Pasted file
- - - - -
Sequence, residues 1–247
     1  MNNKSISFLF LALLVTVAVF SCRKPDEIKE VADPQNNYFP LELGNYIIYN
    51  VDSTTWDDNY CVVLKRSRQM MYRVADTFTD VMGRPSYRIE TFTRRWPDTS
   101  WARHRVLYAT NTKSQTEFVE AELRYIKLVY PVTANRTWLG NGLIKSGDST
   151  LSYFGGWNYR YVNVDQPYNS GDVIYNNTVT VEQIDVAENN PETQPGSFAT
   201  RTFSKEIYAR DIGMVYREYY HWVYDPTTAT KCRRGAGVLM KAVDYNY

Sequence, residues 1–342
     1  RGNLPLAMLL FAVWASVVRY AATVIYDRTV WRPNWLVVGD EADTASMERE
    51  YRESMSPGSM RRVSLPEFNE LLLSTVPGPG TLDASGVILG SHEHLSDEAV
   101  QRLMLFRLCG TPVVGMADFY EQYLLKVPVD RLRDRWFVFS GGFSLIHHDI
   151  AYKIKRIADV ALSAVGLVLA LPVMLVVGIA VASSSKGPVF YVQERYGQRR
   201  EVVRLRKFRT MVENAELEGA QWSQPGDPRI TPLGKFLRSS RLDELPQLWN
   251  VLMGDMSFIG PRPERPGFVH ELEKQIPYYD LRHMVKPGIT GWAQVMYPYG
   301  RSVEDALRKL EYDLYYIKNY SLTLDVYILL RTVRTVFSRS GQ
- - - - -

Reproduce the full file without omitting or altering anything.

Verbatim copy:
Sequence, residues 1–247
     1  MNNKSISFLF LALLVTVAVF SCRKPDEIKE VADPQNNYFP LELGNYIIYN
    51  VDSTTWDDNY CVVLKRSRQM MYRVADTFTD VMGRPSYRIE TFTRRWPDTS
   101  WARHRVLYAT NTKSQTEFVE AELRYIKLVY PVTANRTWLG NGLIKSGDST
   151  LSYFGGWNYR YVNVDQPYNS GDVIYNNTVT VEQIDVAENN PETQPGSFAT
   201  RTFSKEIYAR DIGMVYREYY HWVYDPTTAT KCRRGAGVLM KAVDYNY

Sequence, residues 1–342
     1  RGNLPLAMLL FAVWASVVRY AATVIYDRTV WRPNWLVVGD EADTASMERE
    51  YRESMSPGSM RRVSLPEFNE LLLSTVPGPG TLDASGVILG SHEHLSDEAV
   101  QRLMLFRLCG TPVVGMADFY EQYLLKVPVD RLRDRWFVFS GGFSLIHHDI
   151  AYKIKRIADV ALSAVGLVLA LPVMLVVGIA VASSSKGPVF YVQERYGQRR
   201  EVVRLRKFRT MVENAELEGA QWSQPGDPRI TPLGKFLRSS RLDELPQLWN
   251  VLMGDMSFIG PRPERPGFVH ELEKQIPYYD LRHMVKPGIT GWAQVMYPYG
   301  RSVEDALRKL EYDLYYIKNY SLTLDVYILL RTVRTVFSRS GQ